Based on a large amount of data and meticulous analysis, we realize that Si3N4 as a proper wide band gap material has been neglected. It has a very high level of integration with Si [18]. Si3N4 is usually used as a dielectric or passivation layer, but it also possesses the band gap greater than 5.2 eV and a mature growing-processing technology [19, 20]. Taking Si3N4 as a photosensitive layer combined with Si may be an excellent way to achieve practical DUV photodetector.

In this work, amorphous Si3N4 is prepared on Si by low-pressure chemical vapor deposition (LPCVD) and inductively coupled plasma chemical vapor deposition (ICPCVD) methods. The grown Si3N4 film has a flat surface, pure composition, and appropriate band gap (5.8 eV). Si3N4/Si composite photodetector was further fabricated, which has a photogenerated voltage of 0.41 V and an ultra-fast temporal switching speed. In addition, the detector exhibits a good absorption cut-off edge for incident light. Compared to commercial Si p-i-n photodiodes, it has no response to long-wave UV, fulfilling DUV selectivity. Other systematic characterizations of the device, including switching cycling, temperature dependence and illumination intensity dependence, all indicate a reliable and practical detector.

The switching speeds of the photodetectors consist of LPCVD-Si3N4 or ICPCVD-Si3N4 are distinct under slow response, but tend to be consistent under temporal response. The difference of switching speed is speculated to originate from deep-level defects in the materials, by analyzing the atomic-level morphology and element distribution of the Si3N4/Si interface. The experiments and analysis may provide reference for the construction of other high-performance Si3N4 detectors. In brief, this research broadens the using fields of Si3N4 in photonics, and more importantly, paves the way for the application of DUV photodetection.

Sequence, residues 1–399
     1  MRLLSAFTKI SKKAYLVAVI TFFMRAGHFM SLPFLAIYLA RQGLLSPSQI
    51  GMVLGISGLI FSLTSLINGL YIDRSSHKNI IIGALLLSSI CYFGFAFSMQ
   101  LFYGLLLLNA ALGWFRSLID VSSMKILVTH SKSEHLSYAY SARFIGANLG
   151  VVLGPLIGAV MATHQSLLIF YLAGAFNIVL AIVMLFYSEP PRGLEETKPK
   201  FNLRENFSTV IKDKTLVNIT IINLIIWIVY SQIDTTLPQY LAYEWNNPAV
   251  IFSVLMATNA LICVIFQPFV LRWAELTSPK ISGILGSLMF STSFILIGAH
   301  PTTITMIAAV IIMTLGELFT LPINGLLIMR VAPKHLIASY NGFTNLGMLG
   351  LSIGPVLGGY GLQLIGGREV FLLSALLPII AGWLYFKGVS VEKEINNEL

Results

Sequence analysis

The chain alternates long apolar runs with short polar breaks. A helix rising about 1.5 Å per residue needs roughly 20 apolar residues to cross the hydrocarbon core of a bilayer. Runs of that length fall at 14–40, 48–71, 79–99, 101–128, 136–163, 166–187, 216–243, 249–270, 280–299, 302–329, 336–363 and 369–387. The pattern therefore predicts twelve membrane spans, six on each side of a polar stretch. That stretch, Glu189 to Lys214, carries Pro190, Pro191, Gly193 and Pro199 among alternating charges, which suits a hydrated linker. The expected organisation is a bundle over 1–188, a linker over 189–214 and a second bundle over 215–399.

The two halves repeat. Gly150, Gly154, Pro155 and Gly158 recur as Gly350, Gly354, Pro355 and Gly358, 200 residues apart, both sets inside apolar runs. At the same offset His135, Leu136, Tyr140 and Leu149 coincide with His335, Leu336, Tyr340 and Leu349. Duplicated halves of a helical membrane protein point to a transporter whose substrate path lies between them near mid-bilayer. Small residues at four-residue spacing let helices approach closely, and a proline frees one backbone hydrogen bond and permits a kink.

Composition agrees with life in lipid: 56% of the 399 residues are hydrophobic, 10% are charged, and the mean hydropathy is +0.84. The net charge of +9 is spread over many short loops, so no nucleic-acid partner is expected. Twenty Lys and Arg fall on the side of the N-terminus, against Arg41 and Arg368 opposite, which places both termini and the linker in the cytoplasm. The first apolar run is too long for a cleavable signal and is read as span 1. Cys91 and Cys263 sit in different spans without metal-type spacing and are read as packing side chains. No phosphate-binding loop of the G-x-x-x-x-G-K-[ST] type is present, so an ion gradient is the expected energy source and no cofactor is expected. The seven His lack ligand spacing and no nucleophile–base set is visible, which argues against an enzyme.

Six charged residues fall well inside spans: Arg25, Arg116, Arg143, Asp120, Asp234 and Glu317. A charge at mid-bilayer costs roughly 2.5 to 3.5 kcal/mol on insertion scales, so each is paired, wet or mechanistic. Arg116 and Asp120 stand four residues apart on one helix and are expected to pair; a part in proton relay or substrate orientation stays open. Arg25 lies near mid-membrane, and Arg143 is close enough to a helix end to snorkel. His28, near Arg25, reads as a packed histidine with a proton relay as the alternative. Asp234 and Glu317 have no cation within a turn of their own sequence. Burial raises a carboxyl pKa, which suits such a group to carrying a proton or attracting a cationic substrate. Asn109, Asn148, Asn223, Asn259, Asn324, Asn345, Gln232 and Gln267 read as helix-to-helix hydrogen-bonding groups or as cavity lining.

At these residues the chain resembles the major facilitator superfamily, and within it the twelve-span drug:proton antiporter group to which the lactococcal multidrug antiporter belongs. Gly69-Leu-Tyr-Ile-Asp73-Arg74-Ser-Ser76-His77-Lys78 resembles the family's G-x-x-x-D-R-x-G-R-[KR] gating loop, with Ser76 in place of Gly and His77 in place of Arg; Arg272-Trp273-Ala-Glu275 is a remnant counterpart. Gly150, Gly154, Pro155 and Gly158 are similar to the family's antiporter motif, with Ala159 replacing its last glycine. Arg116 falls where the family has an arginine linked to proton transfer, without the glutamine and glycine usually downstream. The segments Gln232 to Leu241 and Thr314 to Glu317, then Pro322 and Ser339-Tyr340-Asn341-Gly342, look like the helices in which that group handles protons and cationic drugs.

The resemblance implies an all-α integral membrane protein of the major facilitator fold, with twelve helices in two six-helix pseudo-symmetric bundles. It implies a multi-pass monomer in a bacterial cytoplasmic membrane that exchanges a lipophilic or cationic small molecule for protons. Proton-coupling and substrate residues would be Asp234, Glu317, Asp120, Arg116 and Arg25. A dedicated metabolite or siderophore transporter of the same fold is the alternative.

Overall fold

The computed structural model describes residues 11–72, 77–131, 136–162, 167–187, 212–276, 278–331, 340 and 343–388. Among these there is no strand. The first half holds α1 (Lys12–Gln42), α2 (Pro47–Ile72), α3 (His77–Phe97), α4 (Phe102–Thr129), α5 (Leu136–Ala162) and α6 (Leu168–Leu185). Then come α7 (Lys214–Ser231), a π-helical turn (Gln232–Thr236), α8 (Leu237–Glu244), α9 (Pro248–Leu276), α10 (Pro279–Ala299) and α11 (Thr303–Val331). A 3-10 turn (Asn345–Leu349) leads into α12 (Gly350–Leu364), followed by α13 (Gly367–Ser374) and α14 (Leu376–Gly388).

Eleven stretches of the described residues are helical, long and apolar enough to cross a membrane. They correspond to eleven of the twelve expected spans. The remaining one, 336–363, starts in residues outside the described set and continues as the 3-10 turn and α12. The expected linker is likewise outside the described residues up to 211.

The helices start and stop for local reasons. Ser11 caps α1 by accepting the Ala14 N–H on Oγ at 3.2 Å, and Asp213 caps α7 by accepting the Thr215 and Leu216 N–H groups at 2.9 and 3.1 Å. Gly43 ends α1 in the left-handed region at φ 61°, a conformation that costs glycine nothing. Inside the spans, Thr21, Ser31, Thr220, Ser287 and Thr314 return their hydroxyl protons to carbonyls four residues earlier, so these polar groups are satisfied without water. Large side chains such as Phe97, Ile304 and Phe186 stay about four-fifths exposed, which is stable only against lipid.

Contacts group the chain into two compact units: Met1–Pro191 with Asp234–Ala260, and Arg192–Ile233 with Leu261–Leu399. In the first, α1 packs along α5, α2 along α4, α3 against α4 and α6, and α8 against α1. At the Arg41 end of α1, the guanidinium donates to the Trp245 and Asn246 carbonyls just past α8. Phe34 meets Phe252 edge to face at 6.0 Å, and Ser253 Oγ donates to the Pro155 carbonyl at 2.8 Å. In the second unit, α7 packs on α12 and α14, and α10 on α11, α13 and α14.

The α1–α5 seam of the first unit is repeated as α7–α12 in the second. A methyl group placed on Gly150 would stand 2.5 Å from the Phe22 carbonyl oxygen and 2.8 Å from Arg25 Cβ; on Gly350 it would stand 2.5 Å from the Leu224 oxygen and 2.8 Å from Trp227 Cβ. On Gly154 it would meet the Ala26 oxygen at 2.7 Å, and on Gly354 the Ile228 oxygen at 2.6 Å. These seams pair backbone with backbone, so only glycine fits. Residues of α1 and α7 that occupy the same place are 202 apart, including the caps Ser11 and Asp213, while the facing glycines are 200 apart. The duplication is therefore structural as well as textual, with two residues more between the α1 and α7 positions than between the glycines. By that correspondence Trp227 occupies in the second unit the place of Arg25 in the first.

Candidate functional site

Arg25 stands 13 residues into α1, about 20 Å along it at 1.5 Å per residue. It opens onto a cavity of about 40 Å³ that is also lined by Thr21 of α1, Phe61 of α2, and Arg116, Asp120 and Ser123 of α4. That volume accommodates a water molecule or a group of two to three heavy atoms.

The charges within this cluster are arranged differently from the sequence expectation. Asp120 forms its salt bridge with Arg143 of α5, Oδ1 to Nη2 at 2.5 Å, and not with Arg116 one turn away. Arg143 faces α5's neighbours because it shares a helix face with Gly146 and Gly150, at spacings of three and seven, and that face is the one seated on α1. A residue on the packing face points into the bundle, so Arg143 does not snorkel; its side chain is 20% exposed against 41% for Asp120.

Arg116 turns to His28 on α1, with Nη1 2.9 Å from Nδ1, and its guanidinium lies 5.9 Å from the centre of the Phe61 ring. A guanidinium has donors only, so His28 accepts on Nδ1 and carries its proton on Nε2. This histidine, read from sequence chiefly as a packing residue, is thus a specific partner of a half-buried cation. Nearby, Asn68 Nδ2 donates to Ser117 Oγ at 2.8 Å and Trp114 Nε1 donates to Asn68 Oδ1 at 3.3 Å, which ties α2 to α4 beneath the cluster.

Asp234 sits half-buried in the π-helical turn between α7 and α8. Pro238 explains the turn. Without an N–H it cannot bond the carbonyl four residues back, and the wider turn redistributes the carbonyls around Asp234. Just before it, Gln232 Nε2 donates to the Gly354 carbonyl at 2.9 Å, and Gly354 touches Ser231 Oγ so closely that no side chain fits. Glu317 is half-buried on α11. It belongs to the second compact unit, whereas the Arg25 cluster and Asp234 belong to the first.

Results and discussion

Fifty nanometer amorphous Si3N4 film is prepared on the n-Si surface by LPCVD method at 1200 °C, in which nitrogen penetrates into the interior of Si and react with it. A series of characterizations for the Si3N4 film are implemented. The cross-sectional scanning electron microscope (SEM) morphology of Si3N4 is shown in Fig. 1b, revealing a clear and straight interface, which is further reflected in high-resolution transmission electron microscope (HRTEM) image (Fig. 1c). Atomic force microscope (AFM) results show that the Si3N4 film has an ultra-flat surface with root mean square of roughness only 0.76 nm, advantageous for establishing high-performance detectors [21, 22]. Through further analysis of energy dispersive spectroscopy (EDS) mapping and X-ray spectroscopy (XPS), it can be confirmed that the element distribution of Si3N4 is quite uniform, and the N, Si elements are in the accurate valence state. The peak positions of N1s and Si2p are located at 397.63 eV and 101.88 eV respectively [23]. The absorption spectrum of Fourier transform infrared (FTIR) spectroscopy also proved that in this Si3N4, only the vibration of Si-N bond exists, which reflects the high purity of the film [24]. The band gap of the grown Si3N4 is estimated to be around 5.8 eV by UV-visible transmission and absorption spectrum, which meets the requirements for being a DUV sensitive material (supplementary information S1). It is based on such high-quality Si3N4 film that practical DUV photodetectors are expected to be demonstrated.